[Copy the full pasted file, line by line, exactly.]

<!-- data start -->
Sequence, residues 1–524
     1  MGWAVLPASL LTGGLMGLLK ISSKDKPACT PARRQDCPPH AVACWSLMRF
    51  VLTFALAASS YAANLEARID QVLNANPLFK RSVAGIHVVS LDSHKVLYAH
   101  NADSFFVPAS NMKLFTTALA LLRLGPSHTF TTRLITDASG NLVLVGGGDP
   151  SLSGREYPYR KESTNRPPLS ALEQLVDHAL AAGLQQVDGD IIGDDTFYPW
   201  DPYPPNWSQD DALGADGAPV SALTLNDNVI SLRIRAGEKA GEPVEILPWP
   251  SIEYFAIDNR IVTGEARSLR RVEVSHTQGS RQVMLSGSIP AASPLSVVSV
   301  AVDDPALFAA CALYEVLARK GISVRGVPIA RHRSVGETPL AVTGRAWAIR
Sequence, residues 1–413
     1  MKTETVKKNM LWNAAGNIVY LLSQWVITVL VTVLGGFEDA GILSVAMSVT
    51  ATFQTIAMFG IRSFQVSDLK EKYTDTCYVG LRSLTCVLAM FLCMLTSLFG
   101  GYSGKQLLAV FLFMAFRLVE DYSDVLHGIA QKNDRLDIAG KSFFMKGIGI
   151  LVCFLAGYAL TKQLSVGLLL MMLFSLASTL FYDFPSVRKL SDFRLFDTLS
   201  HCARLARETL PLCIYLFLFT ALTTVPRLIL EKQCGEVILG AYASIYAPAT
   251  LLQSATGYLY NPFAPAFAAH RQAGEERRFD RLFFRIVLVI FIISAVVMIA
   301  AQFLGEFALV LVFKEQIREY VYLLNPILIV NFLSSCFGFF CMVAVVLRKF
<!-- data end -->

Sequence, residues 1–524
     1  MGWAVLPASL LTGGLMGLLK ISSKDKPACT PARRQDCPPH AVACWSLMRF
    51  VLTFALAASS YAANLEARID QVLNANPLFK RSVAGIHVVS LDSHKVLYAH
   101  NADSFFVPAS NMKLFTTALA LLRLGPSHTF TTRLITDASG NLVLVGGGDP
   151  SLSGREYPYR KESTNRPPLS ALEQLVDHAL AAGLQQVDGD IIGDDTFYPW
   201  DPYPPNWSQD DALGADGAPV SALTLNDNVI SLRIRAGEKA GEPVEILPWP
   251  SIEYFAIDNR IVTGEARSLR RVEVSHTQGS RQVMLSGSIP AASPLSVVSV
   301  AVDDPALFAA CALYEVLARK GISVRGVPIA RHRSVGETPL AVTGRAWAIR
Sequence, residues 1–413
     1  MKTETVKKNM LWNAAGNIVY LLSQWVITVL VTVLGGFEDA GILSVAMSVT
    51  ATFQTIAMFG IRSFQVSDLK EKYTDTCYVG LRSLTCVLAM FLCMLTSLFG
   101  GYSGKQLLAV FLFMAFRLVE DYSDVLHGIA QKNDRLDIAG KSFFMKGIGI
   151  LVCFLAGYAL TKQLSVGLLL MMLFSLASTL FYDFPSVRKL SDFRLFDTLS
   201  HCARLARETL PLCIYLFLFT ALTTVPRLIL EKQCGEVILG AYASIYAPAT
   251  LLQSATGYLY NPFAPAFAAH RQAGEERRFD RLFFRIVLVI FIISAVVMIA
   301  AQFLGEFALV LVFKEQIREY VYLLNPILIV NFLSSCFGFF CMVAVVLRKF